Individual Work

The original BUST D0WN THE D00RS! By YOUNG HAE-CHANG HEAVY INDUSTRIES of 2000 combines the fast-paced motion of poetic text phrases with the synchronized rhythm of jazz music to deliver the narrative of an incursion on the narrator’s home by unknown assailants. Although it is unclear as to why the raid occurred and the captors move quickly, the narrator completely disregards the urgency of the situation at hand, with no struggling attempts to avoid impending death; rather, the “traitor” is mesmerized, almost beguiled, by the dream the captors interrupted just moments ago. Initially, the story manifests the second-person perspective, however the story perpetually loops from beginning to end, employing unique perspectives with each following iteration until, eventually, the story loops back to the beginning second-person perspective.

BUST D0WN THE D00RS! applies cinematic aspects feasible using Flash Player to portray looping free-verse poems, differing only in pronouns. The piece opens with a countdown that leads to the presentation of a title screen, similar to those popular with black and white films of the early to mid-twentieth century. Each iteration of the narrative lasts fifty-five seconds, looping back to the beginning with a new perspective, totaling eight unique iterations. The viewer of the piece has no control over the pace of the work once opened, and can only end the perpetual iterations by closing the window. YOUNG HAE-CHANG HEAVY INDUSTRIES omits the implementation of any outstanding visuals or colors by the use of black text on a white background, placing an emphasis on the sensual qualities of the music and motion of the piece instead. The lack of said visuals and color eliminates all distractions from the presentation of the words themselves, forcing the viewer to pay attention to the diversification of perspectives in each loop of the poem, drastically changing the viewer’s understanding of the plot. A segment of Art Blakey’s “Amuck” beats in the background, accentuating the sense of urgency of the narrative in rhythm with the fast-paced motion of the text to further captures the viewer’s undivided attention. YOUNG HAE-CHANG HEAVY INDUSTRIES depends solely on the cinema of the piece, rather than interactive components or additional animation that is usually incorporated in electronic literature to be explored by the reader; therefore, the work’s drama comes from the momentum, the fast-paced drum-march jazz music that speeds through the story, faster and faster as “you” near, or “she” nears, or “we” near death, leaving the viewer fixated on the literature of the story without requiring any manipulation of the piece by the viewer. The pace keeps the viewer from taking time to make sense of it all, while simultaneously inflicting the narrative’s pressures on the viewer so as to make the work truly engaging; ironically, this encourages the viewer to interact with the story as much, or possibly more so, than physically interacting through the use of clicking or scrolling.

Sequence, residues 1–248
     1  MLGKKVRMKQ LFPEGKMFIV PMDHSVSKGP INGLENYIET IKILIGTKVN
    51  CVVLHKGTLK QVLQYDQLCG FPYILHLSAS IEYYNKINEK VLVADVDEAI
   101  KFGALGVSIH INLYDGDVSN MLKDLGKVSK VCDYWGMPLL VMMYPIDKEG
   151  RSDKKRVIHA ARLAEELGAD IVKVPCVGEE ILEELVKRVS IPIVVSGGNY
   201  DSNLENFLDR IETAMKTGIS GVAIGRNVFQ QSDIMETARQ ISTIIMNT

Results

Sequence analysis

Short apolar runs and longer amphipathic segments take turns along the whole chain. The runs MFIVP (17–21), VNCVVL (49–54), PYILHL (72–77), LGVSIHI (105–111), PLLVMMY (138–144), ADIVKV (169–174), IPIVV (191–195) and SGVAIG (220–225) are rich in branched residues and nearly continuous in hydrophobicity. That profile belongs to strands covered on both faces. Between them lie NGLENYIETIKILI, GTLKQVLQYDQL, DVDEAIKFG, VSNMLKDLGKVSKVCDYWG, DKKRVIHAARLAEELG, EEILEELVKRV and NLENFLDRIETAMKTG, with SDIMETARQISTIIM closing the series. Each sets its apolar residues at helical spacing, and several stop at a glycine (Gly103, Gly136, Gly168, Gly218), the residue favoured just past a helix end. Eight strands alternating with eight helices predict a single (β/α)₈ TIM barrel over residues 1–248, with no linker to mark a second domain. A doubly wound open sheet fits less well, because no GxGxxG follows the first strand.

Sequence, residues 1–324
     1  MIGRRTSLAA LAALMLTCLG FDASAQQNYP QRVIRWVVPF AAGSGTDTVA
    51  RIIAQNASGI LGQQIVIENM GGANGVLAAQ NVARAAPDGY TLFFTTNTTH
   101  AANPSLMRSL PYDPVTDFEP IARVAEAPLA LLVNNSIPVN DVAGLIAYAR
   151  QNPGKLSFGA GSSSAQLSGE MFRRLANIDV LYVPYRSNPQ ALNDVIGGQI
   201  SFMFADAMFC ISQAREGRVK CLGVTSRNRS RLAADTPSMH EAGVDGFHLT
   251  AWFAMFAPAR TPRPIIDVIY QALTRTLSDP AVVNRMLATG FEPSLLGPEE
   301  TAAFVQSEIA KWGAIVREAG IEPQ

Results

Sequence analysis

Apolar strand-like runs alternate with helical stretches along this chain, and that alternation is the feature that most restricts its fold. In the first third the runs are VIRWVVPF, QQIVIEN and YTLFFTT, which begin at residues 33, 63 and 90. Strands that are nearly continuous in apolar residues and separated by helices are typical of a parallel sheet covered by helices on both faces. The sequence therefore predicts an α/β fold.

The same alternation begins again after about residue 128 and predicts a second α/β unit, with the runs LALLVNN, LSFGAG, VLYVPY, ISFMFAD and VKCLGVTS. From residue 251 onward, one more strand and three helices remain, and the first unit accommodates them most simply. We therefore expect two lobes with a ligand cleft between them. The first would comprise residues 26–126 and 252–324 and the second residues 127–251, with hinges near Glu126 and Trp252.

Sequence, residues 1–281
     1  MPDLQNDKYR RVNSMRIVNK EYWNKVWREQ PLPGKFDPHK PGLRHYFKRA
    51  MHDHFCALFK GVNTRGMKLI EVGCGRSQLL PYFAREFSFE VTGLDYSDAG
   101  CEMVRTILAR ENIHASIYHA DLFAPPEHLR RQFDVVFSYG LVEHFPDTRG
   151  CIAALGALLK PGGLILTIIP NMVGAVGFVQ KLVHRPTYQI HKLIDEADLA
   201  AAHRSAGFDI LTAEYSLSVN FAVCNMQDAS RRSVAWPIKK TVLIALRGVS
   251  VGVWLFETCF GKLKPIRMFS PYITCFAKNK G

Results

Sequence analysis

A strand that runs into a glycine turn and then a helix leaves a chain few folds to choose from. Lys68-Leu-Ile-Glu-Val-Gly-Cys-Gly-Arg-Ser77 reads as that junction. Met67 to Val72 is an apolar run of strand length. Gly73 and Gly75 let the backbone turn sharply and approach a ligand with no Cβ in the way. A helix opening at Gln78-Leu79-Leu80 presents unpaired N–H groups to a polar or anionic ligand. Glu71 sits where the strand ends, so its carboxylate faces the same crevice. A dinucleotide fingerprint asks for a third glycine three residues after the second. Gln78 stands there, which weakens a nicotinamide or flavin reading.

Unlike other pieces of electronic literature, YOUNG HAE-CHANG HEAVY INDUSTRIES focuses more on the design and presentation of the work than the plot itself, as works such as BUST D0WN THE D00RS! tend to have multiple perspectives and therefore multiple interpretations; In YOUNG HAE-CHANG HEAVY INDUSTRIES’ BUST D0WN THE D00RS! and other pieces, YOUNG HAE-CHANG HEAVY INDUSTRIES seemingly pioneers the application of cinematic qualities for electronic literature pieces rather than interactive elements. These pieces redefine the advantages of the interactivity that results from the use of an electronic medium for electronic literature; instead of demanding the viewer to navigate through the piece, the piece itself possesses the power to entrance the viewer into exploring the story and capitalizes on the cinematic attributes made possibly by the medium to provide the synergy of the viewer and narrative.